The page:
The Gang Gang [poem by C. J. Dennis]

[Editor: This poem by C. J. Dennis was published in The Singing Garden (1935).]

The Gang Gang

When the wattle curls are drooping,
Where the sun-shy gullies dream,
O’er the hill-tops come we trooping,
Echoes waking to our scream.
When the mint-bush bloom is falling
By the flame-tipped messmate spar.
Where the little creeks go brawling,
You may hear our raucous calling:
“Gwar!”

Ever vocal, ever busy,
Ere the summer day be done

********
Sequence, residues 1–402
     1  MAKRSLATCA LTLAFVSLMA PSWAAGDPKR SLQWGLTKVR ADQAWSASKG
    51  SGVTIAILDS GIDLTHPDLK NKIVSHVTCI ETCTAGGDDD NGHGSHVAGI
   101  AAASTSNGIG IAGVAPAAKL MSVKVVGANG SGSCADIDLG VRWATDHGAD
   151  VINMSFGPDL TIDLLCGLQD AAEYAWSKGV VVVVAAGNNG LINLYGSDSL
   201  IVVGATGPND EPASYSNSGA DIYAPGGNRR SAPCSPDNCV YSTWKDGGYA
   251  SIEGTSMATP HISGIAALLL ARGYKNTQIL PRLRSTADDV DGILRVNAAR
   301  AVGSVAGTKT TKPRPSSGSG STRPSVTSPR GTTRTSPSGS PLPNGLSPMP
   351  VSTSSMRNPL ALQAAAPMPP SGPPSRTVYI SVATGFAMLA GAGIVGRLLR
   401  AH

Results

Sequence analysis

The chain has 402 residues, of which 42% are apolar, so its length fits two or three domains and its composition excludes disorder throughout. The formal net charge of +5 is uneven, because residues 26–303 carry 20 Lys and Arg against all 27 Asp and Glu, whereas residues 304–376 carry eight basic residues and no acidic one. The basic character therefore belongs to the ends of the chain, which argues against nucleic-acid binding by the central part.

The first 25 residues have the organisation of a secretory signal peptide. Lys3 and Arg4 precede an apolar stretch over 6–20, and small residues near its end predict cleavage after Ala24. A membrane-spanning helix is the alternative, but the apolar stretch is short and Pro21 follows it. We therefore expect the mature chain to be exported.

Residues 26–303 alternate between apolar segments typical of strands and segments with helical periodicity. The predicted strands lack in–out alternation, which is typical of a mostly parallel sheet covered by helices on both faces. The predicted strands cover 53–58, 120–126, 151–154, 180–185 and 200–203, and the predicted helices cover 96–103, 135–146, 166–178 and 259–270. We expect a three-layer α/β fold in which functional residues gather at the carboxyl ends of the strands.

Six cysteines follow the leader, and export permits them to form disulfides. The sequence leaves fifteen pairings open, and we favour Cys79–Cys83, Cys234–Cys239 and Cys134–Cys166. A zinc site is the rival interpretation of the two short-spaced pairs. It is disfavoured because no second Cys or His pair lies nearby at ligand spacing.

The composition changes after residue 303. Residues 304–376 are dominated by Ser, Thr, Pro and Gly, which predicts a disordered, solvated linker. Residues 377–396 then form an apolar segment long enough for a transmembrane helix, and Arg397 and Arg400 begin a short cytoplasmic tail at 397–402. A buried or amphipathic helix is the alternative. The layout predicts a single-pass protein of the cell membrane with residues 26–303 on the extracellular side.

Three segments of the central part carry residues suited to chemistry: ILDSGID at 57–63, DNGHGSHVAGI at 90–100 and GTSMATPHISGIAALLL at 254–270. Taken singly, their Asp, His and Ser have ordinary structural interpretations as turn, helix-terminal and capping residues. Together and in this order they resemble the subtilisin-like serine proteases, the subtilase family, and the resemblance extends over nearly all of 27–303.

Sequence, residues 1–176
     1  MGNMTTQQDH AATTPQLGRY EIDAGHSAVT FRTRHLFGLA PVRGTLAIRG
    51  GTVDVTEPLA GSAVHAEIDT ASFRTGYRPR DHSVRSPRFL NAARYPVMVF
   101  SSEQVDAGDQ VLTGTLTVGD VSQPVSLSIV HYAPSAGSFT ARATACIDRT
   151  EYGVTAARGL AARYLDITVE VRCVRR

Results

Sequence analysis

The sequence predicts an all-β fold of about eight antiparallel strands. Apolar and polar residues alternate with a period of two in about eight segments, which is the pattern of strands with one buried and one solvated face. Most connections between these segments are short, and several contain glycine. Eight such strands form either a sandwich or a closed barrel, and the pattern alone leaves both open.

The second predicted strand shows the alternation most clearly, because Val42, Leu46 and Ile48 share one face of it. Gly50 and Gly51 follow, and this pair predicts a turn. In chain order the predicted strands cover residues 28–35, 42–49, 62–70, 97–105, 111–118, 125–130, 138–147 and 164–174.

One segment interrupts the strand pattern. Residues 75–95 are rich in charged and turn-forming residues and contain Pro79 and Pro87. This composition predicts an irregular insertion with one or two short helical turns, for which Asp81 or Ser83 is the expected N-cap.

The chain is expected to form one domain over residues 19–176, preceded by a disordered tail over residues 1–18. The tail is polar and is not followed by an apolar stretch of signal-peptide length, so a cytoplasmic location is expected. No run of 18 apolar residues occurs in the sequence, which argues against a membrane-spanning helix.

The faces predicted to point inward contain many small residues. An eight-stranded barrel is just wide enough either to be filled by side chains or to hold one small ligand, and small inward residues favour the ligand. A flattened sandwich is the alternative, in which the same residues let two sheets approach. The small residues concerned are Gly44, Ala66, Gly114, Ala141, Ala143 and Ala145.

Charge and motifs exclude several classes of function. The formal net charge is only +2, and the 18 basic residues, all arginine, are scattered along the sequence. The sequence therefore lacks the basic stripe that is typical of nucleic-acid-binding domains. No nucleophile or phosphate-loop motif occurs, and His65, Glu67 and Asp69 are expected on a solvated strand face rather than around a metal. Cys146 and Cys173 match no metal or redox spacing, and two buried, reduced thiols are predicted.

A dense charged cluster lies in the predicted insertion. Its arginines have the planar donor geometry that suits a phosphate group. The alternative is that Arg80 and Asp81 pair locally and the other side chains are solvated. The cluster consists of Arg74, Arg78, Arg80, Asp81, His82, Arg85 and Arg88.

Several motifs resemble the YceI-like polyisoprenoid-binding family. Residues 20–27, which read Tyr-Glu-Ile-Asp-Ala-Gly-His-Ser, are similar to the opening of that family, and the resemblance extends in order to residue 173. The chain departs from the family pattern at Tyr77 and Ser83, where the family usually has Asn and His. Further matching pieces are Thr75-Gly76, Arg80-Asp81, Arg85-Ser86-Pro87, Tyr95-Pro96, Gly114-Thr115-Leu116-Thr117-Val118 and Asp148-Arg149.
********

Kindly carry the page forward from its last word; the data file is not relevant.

Swooping from some tree-top dizzy,
We make hay while shines the sun
Thro’ the blue gums swiftly winging,
Where the ripening seed pods are,
To the topmost branches clinging,
What have we to do with singing?
“Gwar!”

Beauty for the eye we bring you —
Scarlet head and soft grey coat —
Recompense for that we sing you
Such an unmelodious note.
You may mark us flashing by you.
Seek our haunts and, from afar,
Thro’ the unlaced boughs we spy you
And from further heights defy you:
“Gwar!”



Source:
C. J. Dennis, The Singing Garden, Sydney: Angus & Robertson, 1935, pages 91-92

Editor’s notes:
ere = before (from the Middle English “er”, itself from the Old English “aer”, meaning early or soon)

o’er = over (pronounced the same as “oar”, “or”, and “ore”)

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